Turner struck me as a well-adjusted and happy individual, at peace with his own process, supported and nurtured by his family and the people he loves. In performing for the last 6 years, he has built up quite a supportive community of followers. In the Q&A session after the performance, he came across as open, funny, articulate, and predisposed to like everyone around him. He's successful, and I understand why. He's not bitter - rather his message seems to be to celebrate the diversity of humanity, including the transgender community. He also wants us to understand that gender identity and sexual orientation issues can be very painful for adolescents, leading to high rates of suicide. Although Scott was student body president at his high school, and "almost home-coming queen," his high school and college years were difficult. The particulars came through clearly in his show.

I came away from the performance feeling glad that the community of gay and transgender youth has such a charismatic messenger. I hope that Scott's success in his one-man shows catapults him into TV, where he can play a transgender character. He would like to do that. I can't imagine a better candidate than Scott, and I think TV is ready for such a consciousness-raising move.

See Scott's web page at

Sunday, May 07, 2006

A Solar Home and NC GreenPower

Wouldn't it be great if everybody made their own electricity, so the power companies would stop building nuclear plants and trucking plutonium down the interstates? Duke Power is planning their fourth nuke plant, in Cherokee County SC, just 50 miles from Charlotte. AACK! We're surrounded!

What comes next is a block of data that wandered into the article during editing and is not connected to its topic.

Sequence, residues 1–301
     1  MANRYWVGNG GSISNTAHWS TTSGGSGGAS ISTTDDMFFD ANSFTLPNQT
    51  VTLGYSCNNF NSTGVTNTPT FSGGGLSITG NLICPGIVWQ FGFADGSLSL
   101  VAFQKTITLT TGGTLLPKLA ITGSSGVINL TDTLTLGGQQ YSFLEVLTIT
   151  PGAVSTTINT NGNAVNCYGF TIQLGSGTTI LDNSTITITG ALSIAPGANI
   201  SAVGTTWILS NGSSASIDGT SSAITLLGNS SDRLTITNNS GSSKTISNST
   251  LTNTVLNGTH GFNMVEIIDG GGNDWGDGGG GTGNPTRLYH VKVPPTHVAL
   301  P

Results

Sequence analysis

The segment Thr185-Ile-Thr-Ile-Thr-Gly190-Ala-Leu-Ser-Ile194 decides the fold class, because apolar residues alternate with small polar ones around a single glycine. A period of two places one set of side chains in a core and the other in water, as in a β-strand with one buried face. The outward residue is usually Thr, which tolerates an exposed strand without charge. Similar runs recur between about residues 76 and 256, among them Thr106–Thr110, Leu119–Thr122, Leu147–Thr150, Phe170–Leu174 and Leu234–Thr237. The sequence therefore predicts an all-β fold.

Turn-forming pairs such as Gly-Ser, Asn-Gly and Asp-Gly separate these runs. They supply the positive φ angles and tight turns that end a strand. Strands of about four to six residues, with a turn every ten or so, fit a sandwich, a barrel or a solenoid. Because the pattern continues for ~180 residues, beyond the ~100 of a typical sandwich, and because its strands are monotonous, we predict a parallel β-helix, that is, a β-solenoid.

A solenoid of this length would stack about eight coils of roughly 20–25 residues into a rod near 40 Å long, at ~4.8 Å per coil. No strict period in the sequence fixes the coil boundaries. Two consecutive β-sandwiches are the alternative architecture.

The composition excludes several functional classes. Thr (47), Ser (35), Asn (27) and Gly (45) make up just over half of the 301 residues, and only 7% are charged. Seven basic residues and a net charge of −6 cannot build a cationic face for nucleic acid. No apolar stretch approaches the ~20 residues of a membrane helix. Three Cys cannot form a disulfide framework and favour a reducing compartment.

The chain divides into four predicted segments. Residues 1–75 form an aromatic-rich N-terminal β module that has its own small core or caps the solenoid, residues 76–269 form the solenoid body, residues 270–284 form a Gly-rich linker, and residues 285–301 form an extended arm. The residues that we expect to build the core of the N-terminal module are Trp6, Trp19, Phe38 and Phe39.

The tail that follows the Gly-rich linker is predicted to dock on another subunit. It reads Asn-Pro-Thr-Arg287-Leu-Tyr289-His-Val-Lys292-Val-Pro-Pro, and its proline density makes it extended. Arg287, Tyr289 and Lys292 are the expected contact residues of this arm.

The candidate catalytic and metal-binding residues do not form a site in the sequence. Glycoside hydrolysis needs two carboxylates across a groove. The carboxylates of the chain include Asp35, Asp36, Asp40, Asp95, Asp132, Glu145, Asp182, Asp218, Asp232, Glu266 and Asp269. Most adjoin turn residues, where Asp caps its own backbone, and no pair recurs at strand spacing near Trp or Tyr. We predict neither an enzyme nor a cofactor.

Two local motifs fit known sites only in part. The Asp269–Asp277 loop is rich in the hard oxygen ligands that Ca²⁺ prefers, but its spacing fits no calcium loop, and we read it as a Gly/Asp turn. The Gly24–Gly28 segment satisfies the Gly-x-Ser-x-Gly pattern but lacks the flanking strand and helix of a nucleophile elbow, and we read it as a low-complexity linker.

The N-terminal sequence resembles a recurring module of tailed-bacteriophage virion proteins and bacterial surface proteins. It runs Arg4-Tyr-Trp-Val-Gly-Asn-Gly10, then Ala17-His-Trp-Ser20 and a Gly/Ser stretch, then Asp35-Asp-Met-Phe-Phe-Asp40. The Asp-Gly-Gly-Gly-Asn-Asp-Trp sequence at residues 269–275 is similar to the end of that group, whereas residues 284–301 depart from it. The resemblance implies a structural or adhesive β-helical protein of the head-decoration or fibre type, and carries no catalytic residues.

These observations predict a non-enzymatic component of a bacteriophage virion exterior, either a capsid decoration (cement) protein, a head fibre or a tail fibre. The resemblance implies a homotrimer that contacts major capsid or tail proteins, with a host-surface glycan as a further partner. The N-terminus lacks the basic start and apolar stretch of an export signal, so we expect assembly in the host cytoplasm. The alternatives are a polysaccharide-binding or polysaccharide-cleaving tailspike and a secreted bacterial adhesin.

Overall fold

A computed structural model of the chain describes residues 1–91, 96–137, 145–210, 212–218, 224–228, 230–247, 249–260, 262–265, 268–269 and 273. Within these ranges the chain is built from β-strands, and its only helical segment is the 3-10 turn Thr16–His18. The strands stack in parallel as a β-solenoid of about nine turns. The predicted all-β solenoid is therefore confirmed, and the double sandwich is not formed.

Knowing that makes me appreciate people like Trip Overholt and Jeff and Bronwen Martin all the more. Their two families have gone solar - they've built homes that are mostly powered by photovoltaic panels. You can read about the Martin home in Solar Today magazine. Ken and I got a tour of the Martin home last weekend and it was impressive. I liked the front yard right off. No lawn, just native shrubs and flowers and ground cover. That's very cool. Wildlife benefit much more from native plants that they're adapted to. As soon as you step in the Martin's front door, you can tell the house has a passive solar design - which is totally separate from the photovoltaics. A passive solar home doesn't require any technology, but is heated and cooled passively, by virtue of its orientation, shape, and windows. An ideal passive solar house is a rectangle, with the long axis running north to south. The south wall has lots of big windows to admit warming rays of sunlight during winter. The south wall also has a big overhang to stop the sun from shining directly into the windows in summer. The overhang works because the sun is higher in the sky in summer. A passive solar house also has a thermal mass, something like a concrete floor, to absorb heat during the day and radiate the heat slowly into the air at night. The Martin's home has all these features.

As Jeff explained to me, a homeowner should have a passive solar design before adding photovoltaic panels to generate electricity. PV technology is expensive, and if you want most of your power to come from PV, then you need to do what you can to minimize your power use beforehand. The biggest energy drain in an American home is typically the heating and cooling system. Passive solar cuts way down on the amount of electricity a home might use for heating and cooling. Even just a blower for a heat pump uses a lot of power, and an air conditioner uses a ton. Trip, another PV homeowner, told me, "If you want PV power, that means no AC."